The Oil and Gas Authority (OGA) has handed it out its first license allowing offshore exploration for the purposes of a pioneering clean energy scheme.
A four-year carbon dioxide appraisal and storage license has been granted to the Acorn carbon capture and storage (CCS) project at St Fergus, near Peterhead.
It comes after the UK Government last week set out an “action plan” to roll out the technology, and have the first major CCS project up and running by the mid-2020s.
The announcement came with a £175,000 fund for the Acorn project, run by Pale Blue Dot, and a pledge to work with the OGA to identify existing oil and gas infrastructure for reuse as CCS.
Acorn aims to develop a large scale CCS project at the St Fergus gas terminal.
This license is the first of its kind issued since the creation of the OGA in 2015, allowing offshore exploration to select a site for storing C02 underground.
Andy Samuel, chief executive of the OGA said: “The OGA fully supports the transition to a low carbon economy and can play a role in the transition. We undertake a wide range of activities which complement this, including licensing carbon capture usage and storage projects such as this.
“We welcome the government’s recently-announced Action Plan to develop the UK’s first carbon capture, usage and storage projects and are continuing our close working with the government and others to identify existing UKCS infrastructure which could be re-used.”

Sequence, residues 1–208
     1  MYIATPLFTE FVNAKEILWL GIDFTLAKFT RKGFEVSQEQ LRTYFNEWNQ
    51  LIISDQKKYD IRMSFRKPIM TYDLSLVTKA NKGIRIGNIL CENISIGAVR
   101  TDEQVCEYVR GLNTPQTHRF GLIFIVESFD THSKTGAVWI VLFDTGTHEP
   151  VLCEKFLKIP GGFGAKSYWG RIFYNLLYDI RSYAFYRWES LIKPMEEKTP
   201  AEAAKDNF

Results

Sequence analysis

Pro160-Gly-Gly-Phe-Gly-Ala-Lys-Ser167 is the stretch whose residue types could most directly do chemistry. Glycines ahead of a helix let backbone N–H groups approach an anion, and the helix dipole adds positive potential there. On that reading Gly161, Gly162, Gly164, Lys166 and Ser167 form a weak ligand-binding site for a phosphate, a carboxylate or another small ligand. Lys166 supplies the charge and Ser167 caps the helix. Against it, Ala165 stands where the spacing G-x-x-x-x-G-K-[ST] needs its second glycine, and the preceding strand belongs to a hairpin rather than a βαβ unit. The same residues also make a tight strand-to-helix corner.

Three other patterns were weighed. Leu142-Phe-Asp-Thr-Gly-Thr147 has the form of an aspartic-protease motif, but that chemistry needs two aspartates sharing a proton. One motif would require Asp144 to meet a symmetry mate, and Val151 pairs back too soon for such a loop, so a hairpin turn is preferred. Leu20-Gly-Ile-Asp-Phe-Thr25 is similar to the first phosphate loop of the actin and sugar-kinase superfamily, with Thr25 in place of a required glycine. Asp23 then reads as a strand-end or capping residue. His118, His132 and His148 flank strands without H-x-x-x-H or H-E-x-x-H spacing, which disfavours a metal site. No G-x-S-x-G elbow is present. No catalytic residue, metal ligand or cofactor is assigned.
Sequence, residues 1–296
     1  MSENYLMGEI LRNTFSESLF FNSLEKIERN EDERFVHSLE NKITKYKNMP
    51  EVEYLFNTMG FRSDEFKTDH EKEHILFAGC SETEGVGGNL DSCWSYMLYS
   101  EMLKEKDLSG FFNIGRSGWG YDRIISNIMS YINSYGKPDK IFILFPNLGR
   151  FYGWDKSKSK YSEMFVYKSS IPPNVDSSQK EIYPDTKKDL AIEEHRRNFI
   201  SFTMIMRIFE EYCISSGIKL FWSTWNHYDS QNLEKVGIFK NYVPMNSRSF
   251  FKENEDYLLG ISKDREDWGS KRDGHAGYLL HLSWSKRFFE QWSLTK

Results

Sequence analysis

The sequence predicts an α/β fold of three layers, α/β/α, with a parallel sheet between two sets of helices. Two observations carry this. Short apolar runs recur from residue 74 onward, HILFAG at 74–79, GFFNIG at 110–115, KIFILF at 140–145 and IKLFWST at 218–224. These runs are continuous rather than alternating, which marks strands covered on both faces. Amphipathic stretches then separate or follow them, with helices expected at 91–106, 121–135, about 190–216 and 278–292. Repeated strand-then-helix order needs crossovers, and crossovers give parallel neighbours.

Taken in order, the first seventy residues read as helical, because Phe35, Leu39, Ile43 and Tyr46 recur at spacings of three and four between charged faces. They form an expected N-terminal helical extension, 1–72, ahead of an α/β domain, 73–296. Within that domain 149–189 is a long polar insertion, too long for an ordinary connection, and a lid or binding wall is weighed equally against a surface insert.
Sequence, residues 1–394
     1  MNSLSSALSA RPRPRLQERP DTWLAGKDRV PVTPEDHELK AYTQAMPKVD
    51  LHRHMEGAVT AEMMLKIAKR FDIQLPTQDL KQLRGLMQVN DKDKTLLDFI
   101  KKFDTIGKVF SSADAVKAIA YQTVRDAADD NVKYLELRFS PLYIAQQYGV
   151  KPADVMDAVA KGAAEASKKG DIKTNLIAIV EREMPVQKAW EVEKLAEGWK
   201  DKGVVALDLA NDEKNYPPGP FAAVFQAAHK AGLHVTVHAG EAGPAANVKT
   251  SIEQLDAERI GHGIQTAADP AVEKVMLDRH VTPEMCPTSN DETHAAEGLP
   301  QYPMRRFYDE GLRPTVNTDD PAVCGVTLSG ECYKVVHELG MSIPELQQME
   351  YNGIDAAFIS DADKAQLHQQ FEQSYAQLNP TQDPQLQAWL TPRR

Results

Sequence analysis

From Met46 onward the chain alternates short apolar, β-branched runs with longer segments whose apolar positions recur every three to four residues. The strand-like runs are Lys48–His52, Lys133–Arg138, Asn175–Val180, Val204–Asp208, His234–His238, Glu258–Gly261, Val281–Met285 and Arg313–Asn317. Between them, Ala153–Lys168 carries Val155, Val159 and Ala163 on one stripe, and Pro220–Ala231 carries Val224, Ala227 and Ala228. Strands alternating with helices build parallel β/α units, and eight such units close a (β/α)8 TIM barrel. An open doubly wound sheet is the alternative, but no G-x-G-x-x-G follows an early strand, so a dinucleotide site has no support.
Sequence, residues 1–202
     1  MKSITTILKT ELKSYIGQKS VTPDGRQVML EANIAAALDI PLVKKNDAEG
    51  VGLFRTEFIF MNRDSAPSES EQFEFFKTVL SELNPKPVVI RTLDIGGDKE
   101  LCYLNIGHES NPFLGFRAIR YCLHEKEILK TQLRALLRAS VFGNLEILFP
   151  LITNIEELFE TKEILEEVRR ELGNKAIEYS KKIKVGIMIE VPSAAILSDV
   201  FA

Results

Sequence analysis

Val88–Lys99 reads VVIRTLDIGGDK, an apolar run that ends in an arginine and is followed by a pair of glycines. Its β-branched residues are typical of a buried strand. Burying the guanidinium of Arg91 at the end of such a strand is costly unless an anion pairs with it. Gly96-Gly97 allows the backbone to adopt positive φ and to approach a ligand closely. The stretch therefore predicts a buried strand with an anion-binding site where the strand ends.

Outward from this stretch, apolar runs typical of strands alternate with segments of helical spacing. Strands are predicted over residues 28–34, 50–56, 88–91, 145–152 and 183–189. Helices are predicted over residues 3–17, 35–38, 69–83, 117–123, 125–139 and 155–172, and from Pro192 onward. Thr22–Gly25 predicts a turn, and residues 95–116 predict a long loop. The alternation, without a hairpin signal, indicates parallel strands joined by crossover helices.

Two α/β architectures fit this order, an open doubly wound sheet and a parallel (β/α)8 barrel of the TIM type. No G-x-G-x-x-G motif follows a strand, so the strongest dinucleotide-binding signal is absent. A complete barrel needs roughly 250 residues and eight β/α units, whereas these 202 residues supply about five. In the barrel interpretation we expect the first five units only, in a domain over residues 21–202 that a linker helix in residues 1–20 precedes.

Pale Blue Dot has already identified various pipelines that currently or have previously been used to serve the North Sea which could be repurposed for CCS, along with a potential storage site.
Under the terms of the agreement, Acorn CCS would need to apply for and win a storage permit before CO2 injection could begin.
Alan James, managing director of Pale Blue Dot Energy and the Acorn CCS Project Leader, added: “Securing the CCS Licence is a really important step to help us develop one of the UK’s first CO2 transportation and storage networks.
“Through Acorn CCS, Scotland can use legacy oil and gas assets to deliver environmental benefits, unlocking CO2 transportation and storage solutions for other CCUS projects along the east coast of the UK.”
The government has recognised that developing CCS is “crucial” to meet climate change targets, despite pulling £1bn funding for a similar project in Peterhead in 2015.
UK energy and clean growth minister Claire Perry said: “This project shows our modern Industrial Strategy in action as companies, backed by government, seize the economic opportunities of moving to a greener, cleaner economy.
“Industry has a crucial part to play in meeting our world-leading ambition to develop and deploy this cutting-edge technology to reduce emissions so it’s great to see more key players joining the race to build the UK’s first facility.”